transient, although when present, it may take years to resolve (Matsuda et al., 2005). On the other hand, the cognitive impairment associated with brain tumors and acute lymphoblastic leukemia (the most common childhood cancers) appears to be more severe and persistent, likely because of the radiation and chemotherapy specifically targeting the central nervous system that are part of the treatment protocols for these cancers and the more vulnerable condition of the rapidly developing brains of children.
Very little research has tested approaches to reducing the cognitive impairment associated with treatment for cancer8 in adults (McDougall, 2001). There is a need for well-designed longitudinal studies with baseline and ongoing measures of cognitive impairment using objective and sensitive measurement tools and approaches. These studies should also control for an array of confounding variables, such as depression, age, hormonal levels, and other treatments. Such studies would facilitate better understanding of the mechanisms, types, and severity and duration of cognitive impairment in adults, an essential precursor to the development of effective prevention, treatment, and rehabilitation interventions (Anderson-Hanley et al., 2003; Matsuda et al., 2005).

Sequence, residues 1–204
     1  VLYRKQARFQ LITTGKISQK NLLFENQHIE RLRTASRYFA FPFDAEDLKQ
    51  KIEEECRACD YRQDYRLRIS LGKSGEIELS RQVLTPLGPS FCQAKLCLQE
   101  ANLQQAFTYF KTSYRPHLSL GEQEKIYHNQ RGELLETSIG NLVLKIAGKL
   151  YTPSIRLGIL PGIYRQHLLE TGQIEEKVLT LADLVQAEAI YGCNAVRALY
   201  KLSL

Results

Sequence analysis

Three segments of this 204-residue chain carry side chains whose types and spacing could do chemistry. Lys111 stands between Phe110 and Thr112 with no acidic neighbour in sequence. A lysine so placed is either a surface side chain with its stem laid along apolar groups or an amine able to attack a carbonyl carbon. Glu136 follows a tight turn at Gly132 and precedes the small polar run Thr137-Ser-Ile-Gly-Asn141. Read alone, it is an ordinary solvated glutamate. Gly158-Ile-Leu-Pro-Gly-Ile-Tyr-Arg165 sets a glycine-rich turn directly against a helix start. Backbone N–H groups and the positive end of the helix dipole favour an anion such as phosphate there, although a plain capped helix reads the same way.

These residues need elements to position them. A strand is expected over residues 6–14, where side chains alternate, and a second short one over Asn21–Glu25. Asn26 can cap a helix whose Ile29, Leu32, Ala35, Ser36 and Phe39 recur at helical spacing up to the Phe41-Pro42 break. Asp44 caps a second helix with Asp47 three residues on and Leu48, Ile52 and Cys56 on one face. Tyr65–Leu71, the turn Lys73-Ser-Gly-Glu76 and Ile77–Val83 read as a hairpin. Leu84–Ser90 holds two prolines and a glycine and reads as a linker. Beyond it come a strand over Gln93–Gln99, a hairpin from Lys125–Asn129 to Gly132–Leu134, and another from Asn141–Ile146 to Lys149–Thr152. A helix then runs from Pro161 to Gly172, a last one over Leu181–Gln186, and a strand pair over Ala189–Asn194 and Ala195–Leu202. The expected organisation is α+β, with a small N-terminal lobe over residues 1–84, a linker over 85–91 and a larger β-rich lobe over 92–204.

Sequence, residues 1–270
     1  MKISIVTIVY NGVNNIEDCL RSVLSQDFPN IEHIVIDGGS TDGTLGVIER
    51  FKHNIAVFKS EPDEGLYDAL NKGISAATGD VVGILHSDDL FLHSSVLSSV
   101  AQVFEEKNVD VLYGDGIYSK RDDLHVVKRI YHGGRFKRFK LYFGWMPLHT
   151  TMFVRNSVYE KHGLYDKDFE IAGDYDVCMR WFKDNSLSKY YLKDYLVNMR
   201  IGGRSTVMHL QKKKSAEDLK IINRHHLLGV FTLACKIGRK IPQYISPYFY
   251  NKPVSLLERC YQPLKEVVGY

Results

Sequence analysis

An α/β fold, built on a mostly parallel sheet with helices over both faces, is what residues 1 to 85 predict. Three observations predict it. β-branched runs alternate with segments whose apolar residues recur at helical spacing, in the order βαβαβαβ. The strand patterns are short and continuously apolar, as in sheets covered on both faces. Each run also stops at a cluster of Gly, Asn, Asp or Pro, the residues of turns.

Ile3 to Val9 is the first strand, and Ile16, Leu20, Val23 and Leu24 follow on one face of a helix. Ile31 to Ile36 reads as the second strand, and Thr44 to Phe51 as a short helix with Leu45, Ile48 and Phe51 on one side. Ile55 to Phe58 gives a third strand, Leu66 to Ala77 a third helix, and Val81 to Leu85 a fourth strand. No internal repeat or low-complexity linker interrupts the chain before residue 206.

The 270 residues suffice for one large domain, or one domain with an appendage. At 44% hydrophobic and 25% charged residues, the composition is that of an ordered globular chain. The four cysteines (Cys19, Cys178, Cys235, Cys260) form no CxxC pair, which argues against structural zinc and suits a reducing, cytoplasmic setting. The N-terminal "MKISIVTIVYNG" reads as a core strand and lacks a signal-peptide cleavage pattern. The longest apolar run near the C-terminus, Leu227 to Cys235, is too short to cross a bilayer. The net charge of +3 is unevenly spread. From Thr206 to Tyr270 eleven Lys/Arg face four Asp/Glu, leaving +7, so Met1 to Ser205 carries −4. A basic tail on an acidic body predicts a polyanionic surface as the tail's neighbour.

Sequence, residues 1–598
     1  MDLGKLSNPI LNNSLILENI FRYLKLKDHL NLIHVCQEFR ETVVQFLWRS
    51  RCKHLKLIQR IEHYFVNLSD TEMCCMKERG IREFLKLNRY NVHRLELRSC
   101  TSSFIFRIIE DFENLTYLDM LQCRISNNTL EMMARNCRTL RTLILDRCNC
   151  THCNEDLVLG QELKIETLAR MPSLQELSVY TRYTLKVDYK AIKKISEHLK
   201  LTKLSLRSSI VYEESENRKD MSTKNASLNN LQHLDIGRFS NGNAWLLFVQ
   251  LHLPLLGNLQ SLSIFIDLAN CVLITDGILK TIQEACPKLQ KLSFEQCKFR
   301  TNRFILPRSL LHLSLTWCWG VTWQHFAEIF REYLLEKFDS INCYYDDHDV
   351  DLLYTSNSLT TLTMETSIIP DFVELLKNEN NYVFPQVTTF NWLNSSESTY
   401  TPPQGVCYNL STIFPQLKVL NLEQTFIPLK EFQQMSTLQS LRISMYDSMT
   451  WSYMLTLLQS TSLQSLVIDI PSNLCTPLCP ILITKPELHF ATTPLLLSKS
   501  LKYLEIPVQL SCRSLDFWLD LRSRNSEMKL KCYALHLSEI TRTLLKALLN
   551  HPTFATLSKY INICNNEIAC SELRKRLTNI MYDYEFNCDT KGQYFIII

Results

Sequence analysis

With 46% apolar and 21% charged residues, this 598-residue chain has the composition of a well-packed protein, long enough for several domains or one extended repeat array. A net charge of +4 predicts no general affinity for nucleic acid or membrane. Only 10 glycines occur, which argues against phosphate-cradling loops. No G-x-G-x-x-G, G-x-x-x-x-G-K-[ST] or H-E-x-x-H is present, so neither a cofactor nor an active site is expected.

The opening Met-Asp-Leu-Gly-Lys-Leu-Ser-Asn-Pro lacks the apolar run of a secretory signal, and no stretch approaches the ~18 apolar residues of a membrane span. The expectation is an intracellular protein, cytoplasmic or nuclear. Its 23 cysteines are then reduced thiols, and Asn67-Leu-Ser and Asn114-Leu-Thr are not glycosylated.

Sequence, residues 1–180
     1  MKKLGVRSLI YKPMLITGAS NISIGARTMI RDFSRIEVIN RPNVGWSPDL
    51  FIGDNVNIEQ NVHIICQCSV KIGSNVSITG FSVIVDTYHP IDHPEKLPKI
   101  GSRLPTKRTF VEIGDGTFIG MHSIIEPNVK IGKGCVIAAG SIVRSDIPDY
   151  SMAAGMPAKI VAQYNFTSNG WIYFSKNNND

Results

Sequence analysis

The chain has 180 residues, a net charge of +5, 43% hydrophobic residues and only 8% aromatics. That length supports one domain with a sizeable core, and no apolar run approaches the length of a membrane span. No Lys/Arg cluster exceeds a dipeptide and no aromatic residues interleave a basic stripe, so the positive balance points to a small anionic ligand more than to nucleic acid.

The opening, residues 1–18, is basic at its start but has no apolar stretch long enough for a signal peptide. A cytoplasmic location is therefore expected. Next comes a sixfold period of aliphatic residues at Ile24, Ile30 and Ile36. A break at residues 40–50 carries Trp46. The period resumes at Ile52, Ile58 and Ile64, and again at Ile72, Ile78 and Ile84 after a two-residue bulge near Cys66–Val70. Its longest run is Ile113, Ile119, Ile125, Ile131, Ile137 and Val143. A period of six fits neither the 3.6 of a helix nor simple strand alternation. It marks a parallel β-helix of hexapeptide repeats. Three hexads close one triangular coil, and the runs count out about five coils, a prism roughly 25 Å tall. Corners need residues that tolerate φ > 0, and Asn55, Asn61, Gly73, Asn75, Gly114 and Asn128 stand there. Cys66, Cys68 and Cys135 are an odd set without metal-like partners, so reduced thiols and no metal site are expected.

The development of services to address cognitive impairment in children has progressed somewhat further, and there is some early theoretical and empirical support for cognitive remediation, ecological or environmental interventions, and pharmacotherapy. Cognitive remediation involves identifying the patient’s specific cognitive deficits and then implementing interventions to help reduce these deficits and enable the patient to relearn through retraining and practicing salient cognitive tasks. Ecological or environmental interventions involve modifying the learning context and the methods used by the individual to acquire information and demonstrate knowledge. In school settings, for example, this could involve providing preferential seating, allowing additional time to take examinations, using true/false and multiple-choice tests rather than essay questions, and providing written handouts rather than requiring a child to copy material from the board (Butler and Mulhern, 2005). With respect to pharmacotherapy, methylphenidate, a medication used to treat children with attention-deficit disorder has shown some slight but encouraging preliminary results in children with cancer (Mulhern et al., 2004). Much more research is needed before interventions with quantified efficacy can be identified. In the interim, ecological interventions are unlikely to present significant risks to children and should be pursued; they can be included as part of school re-entry or reintegration programs, but these programs as yet have not been well